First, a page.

"Breast milk is not a scarce commodity, it's a free-flowing resource."
I've recently become involved with an amazing group, Human Milk for Human Babies, formerly known as Eats on Feets Global. This is one of the most amazing movements, and I am incredibly honored to be a part of it.
There are mommies like me who can't breastfeed their babies, or mommies who breastfeed but don't make enough milk. When I was hospitalized, my breastfed baby needed food. Formula is food, but not the food I would have chosen for him - breast milk is a superior food, made for baby humans. Cow's milk is made for baby cows, and doesn't offer the same benefits, especially in a baby's GI track - which is of particular concern to me, since IBD can be hereditary. I reached out to my local milk bank - but I found out that not only is the milk $4 per ounce ($120 a day!!), we couldn't have it, even if we wanted it. My baby was healthy and full-term. So, David got formula - and I'm glad it was there. It was not an easy transition - his tummy was upset, and he really hated the taste. But, food is food, and he eventually adjusted. He's done well on formula - he's healthy, strong, and smart. As my readers know, I don't have anything against people who choose formula as their baby's food.
If I'd had a choice at the time, though, I wouldn't have chosen to feed my son formula.
I learned about Eats on Feets through you, the readers of this blog. I became friends with Emma Kwasnica, the group's founder on Facebook, and I was blown away by her passion and dedication. At one point, she posted an amazing photo - a friend of hers was suddenly hospitalized, and she nursed her friend's baby while she was incapacitated. The picture brought me to tears. One image encapsulated the philosophy of milk sharing - that in an emergency, women could rely on each other.
|Emma nursing a hospitalized friend's baby. Don't like to see boobs? Read this.
This is the heart of milk sharing and milk donation - that in an emergency situation, mothers who want their babies to be exclusively breastfed have that option, even if real life circumstances don't allow for it. If a mother wants to use formula, fine by me - but if she doesn't, there should be a way for her to find an Emma!
Eats on Feets has become "Human Milk for Human Babies", a name that better describes its mission and can be translated across the globe (there's even a chapter in Kuwait!). Mothers like me can meet local mothers like Emma, who have a surplus of milk to provide. Not necessarily boob-to-mouth; most donation happens with the help of a pump and a freezer. Some mamas overproduce, and they have mountains of bags of milk stored, more than their baby can consume before it expires. Thanks to HM4HB and other milk-sharing connections, that milk can find its way to a local baby in need.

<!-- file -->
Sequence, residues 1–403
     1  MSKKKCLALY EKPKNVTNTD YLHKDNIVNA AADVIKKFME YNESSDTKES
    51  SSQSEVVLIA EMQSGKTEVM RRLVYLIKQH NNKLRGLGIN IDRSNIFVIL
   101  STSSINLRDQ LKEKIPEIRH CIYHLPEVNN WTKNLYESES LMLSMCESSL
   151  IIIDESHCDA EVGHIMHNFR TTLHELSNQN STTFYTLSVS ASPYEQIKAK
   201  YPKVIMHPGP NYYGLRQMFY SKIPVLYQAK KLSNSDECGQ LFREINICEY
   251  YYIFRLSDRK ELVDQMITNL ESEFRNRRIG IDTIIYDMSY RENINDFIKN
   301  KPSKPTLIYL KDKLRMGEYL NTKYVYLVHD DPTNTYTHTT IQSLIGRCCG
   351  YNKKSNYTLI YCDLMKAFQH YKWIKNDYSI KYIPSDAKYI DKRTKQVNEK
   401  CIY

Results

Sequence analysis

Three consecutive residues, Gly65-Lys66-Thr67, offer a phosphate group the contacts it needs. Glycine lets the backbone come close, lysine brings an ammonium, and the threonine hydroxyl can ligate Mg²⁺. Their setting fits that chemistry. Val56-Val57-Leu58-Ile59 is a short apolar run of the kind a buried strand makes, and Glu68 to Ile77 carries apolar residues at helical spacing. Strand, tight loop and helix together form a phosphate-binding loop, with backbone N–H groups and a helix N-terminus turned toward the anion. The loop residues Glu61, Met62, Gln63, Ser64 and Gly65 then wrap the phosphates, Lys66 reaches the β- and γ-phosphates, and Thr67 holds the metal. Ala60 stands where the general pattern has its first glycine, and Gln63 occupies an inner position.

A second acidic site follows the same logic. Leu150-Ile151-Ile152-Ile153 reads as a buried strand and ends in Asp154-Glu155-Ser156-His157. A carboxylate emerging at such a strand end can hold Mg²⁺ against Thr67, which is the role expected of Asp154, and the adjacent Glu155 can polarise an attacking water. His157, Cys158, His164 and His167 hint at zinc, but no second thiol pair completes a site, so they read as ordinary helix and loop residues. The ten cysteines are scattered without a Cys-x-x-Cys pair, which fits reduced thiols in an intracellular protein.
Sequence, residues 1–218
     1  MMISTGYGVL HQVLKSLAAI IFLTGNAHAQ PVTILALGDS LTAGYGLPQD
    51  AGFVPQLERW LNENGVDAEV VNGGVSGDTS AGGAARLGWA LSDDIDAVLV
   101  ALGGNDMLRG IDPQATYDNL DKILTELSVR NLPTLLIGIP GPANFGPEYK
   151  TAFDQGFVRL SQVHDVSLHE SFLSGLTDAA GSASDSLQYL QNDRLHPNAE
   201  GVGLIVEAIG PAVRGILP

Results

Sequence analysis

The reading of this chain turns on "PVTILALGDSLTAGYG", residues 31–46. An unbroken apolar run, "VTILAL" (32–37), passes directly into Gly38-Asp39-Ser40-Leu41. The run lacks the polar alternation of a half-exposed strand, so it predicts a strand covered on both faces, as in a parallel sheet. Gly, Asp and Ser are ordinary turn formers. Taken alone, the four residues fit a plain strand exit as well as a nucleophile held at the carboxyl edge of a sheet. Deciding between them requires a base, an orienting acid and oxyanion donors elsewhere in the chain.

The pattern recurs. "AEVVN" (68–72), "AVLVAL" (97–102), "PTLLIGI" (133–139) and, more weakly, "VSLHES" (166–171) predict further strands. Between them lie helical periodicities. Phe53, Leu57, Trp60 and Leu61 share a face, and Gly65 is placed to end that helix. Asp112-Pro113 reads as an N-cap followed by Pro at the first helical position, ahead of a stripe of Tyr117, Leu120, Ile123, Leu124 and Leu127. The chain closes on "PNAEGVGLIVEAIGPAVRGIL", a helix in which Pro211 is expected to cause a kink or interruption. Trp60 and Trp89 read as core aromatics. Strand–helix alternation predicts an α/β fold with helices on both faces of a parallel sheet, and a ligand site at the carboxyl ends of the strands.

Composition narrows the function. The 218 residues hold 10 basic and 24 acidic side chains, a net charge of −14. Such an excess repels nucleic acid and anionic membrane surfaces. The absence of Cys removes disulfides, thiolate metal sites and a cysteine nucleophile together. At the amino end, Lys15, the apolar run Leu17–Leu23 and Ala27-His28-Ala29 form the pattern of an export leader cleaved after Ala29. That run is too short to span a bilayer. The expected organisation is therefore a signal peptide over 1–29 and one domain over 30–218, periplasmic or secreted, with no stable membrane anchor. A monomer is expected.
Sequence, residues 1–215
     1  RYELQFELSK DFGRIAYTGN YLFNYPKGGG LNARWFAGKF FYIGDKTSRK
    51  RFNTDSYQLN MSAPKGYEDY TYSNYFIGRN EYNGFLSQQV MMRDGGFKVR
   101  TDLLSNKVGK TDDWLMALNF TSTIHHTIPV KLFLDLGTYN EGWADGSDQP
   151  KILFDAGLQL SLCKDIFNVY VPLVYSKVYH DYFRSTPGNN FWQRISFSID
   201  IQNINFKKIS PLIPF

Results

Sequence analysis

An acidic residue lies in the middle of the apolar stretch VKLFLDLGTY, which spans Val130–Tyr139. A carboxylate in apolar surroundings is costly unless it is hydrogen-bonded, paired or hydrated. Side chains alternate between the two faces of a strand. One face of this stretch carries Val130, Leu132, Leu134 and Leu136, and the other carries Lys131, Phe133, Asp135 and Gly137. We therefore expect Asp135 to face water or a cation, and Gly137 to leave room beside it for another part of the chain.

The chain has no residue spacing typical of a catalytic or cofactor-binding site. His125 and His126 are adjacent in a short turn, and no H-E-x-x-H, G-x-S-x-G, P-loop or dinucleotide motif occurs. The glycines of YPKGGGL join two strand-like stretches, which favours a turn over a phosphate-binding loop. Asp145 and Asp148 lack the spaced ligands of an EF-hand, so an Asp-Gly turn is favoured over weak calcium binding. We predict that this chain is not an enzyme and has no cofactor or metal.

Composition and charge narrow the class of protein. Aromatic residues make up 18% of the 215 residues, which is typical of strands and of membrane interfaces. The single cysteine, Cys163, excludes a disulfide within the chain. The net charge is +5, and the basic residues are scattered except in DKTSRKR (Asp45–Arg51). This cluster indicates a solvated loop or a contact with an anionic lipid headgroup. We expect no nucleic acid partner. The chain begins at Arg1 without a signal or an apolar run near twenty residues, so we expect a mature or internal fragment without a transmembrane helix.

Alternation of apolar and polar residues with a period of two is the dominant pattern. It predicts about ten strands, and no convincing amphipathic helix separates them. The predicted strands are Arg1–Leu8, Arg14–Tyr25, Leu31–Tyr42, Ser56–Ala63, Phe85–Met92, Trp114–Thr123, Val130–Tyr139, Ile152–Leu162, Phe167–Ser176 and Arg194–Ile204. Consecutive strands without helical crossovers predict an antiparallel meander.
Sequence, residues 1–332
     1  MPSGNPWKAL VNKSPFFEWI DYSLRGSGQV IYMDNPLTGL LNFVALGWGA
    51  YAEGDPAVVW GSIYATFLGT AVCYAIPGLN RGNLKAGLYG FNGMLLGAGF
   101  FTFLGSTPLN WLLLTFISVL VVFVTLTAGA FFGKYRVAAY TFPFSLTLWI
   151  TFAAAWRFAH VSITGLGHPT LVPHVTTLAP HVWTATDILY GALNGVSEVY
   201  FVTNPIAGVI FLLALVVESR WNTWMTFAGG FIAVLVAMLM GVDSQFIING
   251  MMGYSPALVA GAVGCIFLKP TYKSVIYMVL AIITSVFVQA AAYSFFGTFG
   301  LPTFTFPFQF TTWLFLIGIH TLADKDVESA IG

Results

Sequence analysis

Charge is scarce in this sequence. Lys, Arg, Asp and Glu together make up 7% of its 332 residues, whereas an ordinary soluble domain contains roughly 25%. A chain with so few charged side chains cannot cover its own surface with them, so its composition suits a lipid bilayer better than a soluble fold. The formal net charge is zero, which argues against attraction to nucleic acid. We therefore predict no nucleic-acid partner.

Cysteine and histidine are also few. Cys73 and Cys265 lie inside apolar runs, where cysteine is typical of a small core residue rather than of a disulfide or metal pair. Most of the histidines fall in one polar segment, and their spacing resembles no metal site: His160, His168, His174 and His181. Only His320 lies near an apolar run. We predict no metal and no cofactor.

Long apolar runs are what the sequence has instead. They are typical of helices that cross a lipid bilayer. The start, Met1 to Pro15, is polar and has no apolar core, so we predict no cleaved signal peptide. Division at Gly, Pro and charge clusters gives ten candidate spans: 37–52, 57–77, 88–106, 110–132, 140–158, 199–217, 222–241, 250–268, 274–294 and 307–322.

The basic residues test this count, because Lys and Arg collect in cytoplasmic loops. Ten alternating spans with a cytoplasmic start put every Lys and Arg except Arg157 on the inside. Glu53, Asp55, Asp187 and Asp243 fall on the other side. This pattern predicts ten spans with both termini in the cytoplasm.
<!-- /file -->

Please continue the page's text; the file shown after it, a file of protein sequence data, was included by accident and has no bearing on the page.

One of the coolest things about this is that HM4HB is not just getting babies milk, it's helping women connect and become friends. While you can use milk sharing networks to just get milk and move on, I'm amazed at the real life connections that are happening. Donor and recipient mommies are getting to know each other, having coffee, setting up playdates, visiting each other's homes. There is a community growing as a result of the sharing. Unlike donating to a milk bank, donor mommies can often hold the babies their milk is feeding, watch them grow and thrive on the precious gift of liquid gold. In a world where technology so often distances, this is creating a village where none existed.
Are there risks to milk sharing? Yes, of course. There are risks to everything in life. There are risks to formula-feeding (I fed my kid bugs, thank you Similac). HM4HB isn't promising a risk-free solution, just a forum in which parents can have a choice - an informed choice. Previously, the only choice moms like me could make was which brand of formula to buy. Now, we can choose if we want to go check things out on the donation road.
As a recipient, ultimately, you trust that the woman who is donating is healthy and living a healthy life. If she's breastfeeding her own child, you simply trust that she cares about her own baby enough to avoid things that could make her milk dangerous. You can pasteurize the milk at home (instructions here), and many recipients ask for copies of their donor's prenatal medical records or request additional screening for safety.
Check it out! If you have milk to donate, wouldn't it be nice to know exactly where that milk is going? If you really hate feeding your baby formula, why not explore donated breast milk as an option?
Human Milk for Human Babies - Website
Find your local chapter here
Frequently Asked Questions